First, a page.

This article is a technical education piece to thoroughly describing OPR and its characteristics, typical applications, and ORP examples.
What Is “ORP”?
ORP is an abbreviation for Oxidation Reduction Potential, also know as REDOX, and is a useful measurement for monitoring and controlling chemical reactions.
Oxidation: addition of oxygen/reduction of electrons
Reduction: reduction of oxygen/addition of electrons
Characteristics of ORP
Non-specific measurement of total activity
mV output allows automated control of chemical reactions
Typical examples of ORP uses
Ozone or chlorine control
Chromate reduction or cyanide destruction
Units of Measure for ORP
Water treatment (sewage) – prechlorination and dechlorination
Metal Finishing (CN destruct and chromate reduction)
Ozone treatment (Commercial Aquariums, water disinfection)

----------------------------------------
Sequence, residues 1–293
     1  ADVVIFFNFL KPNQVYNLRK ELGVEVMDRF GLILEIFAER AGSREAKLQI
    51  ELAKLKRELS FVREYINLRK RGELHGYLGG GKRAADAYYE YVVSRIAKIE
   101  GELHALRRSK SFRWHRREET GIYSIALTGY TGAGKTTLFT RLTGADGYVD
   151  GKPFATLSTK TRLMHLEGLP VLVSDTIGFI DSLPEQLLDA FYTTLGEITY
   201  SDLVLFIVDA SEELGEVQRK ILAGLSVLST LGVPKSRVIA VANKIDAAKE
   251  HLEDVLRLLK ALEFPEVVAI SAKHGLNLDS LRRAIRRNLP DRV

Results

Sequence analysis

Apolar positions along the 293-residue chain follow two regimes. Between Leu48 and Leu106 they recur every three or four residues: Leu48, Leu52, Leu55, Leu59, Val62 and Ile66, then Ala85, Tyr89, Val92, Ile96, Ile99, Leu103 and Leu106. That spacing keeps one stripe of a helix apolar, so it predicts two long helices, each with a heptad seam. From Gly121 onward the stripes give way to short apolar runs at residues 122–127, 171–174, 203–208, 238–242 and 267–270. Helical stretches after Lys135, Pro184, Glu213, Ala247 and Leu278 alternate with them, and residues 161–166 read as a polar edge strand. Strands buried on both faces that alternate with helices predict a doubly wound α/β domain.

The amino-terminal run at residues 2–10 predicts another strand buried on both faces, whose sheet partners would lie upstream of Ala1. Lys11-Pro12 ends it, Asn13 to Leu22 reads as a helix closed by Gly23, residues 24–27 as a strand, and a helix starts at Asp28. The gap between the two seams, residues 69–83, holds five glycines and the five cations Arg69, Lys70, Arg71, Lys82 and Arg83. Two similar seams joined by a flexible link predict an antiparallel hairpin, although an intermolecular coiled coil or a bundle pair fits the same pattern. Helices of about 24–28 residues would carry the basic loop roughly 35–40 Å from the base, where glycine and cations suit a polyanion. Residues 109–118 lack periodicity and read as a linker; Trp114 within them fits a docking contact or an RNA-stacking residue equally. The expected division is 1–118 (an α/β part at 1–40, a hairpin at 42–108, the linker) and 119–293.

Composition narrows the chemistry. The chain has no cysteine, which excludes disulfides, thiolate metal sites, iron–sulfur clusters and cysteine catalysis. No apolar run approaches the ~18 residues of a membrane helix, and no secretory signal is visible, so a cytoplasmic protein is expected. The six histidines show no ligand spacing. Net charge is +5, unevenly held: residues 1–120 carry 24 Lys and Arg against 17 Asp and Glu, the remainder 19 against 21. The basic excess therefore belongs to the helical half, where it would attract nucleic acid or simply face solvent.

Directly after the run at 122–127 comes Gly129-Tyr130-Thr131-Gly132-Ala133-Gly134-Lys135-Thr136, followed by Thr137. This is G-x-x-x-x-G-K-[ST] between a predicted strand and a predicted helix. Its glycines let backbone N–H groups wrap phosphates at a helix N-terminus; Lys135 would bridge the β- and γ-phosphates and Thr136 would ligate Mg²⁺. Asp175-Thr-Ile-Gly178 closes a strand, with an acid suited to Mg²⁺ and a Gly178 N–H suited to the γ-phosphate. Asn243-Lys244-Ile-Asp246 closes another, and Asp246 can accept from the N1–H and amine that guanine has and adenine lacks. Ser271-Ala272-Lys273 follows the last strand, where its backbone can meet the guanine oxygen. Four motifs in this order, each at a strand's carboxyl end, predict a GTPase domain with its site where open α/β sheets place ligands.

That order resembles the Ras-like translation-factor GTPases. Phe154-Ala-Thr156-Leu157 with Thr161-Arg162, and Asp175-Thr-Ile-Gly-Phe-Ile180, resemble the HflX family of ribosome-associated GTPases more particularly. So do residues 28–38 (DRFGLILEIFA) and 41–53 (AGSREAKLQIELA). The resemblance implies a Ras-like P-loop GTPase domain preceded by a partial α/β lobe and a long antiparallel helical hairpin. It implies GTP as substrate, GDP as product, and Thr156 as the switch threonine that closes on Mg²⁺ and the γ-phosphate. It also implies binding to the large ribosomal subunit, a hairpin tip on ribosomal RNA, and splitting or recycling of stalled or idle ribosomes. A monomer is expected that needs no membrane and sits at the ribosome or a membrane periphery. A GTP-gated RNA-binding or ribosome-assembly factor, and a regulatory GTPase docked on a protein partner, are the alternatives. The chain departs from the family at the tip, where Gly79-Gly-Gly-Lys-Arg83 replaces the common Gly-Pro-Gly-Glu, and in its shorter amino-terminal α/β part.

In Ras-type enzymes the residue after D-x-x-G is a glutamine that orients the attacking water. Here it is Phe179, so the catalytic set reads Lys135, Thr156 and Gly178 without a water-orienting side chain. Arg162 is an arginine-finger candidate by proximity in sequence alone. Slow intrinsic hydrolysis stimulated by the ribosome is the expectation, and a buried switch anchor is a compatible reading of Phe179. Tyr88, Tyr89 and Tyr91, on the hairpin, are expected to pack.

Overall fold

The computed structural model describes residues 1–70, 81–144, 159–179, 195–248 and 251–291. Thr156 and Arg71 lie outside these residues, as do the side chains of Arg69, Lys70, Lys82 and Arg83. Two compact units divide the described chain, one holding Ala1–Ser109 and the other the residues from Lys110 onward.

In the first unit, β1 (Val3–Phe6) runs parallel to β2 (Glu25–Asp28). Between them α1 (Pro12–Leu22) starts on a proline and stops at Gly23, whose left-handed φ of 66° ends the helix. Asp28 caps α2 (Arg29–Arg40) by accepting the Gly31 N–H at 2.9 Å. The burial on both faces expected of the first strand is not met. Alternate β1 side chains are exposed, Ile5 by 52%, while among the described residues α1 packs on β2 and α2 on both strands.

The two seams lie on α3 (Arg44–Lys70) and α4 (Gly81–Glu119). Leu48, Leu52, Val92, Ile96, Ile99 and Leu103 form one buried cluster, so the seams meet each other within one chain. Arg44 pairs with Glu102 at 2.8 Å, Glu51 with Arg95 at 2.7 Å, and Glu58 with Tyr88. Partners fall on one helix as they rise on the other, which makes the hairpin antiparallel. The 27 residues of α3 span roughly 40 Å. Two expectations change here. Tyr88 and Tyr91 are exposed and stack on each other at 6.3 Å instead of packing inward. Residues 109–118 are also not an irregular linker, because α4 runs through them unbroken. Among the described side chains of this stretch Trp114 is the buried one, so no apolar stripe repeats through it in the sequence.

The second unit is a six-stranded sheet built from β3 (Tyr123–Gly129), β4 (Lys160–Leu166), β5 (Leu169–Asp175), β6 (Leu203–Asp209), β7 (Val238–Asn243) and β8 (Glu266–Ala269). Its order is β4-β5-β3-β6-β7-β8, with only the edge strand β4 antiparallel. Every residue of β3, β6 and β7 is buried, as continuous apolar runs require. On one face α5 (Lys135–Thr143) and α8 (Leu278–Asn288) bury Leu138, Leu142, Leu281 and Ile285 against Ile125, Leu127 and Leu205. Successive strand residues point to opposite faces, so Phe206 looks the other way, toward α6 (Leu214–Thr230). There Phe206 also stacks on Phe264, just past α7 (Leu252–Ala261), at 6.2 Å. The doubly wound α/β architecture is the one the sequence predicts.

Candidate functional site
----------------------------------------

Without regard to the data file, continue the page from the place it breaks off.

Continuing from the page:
Poultry processing – disinfect the skin
Fruit and vegetable washing
Pulp bleaching (paper industry)
Chlorine addition (swimming pools, spas)
Examples of ORP(mV)/Ozone Levels (ppm) for Disinfection
Aquaculture, cooling towers
Swimming pools, hot tubes
How Does an Electrode Work?
An ORP measuring electrode is identical to pH measuring electrodes except a nobel metal is used in place of the pH glass as the measuring element. Noble metals are used because they will not enter into the chemical reaction taking place. Other nobel metals such as gold or silver can be used, but platinum is the most commonly used.
The reference is identical to the one used in the pH electrode. It is an Ag/AgCl (silver/silver chloride) wire in 3.5M KCl saturated with AgCl (silver chloride). A second junction for protection of the reference wire is common in industrial electrodes and is referred to as a “Double Junction.” A combination ORP electrode works the same as a combination pH electrode. The measuring electrode generates a millivolt output based on the oxidizing or reducing reactions taking place while the reference electrode generates a constant millivolt output. The working range of an ORP electrode is +/- 2000mV. A pH meter with a millivolt scale or ORP transmitter or controller is used to display readings.
Temperature compensation is not used for ORP measurements. The correction factors are system and chemical dependent and are not easily determined.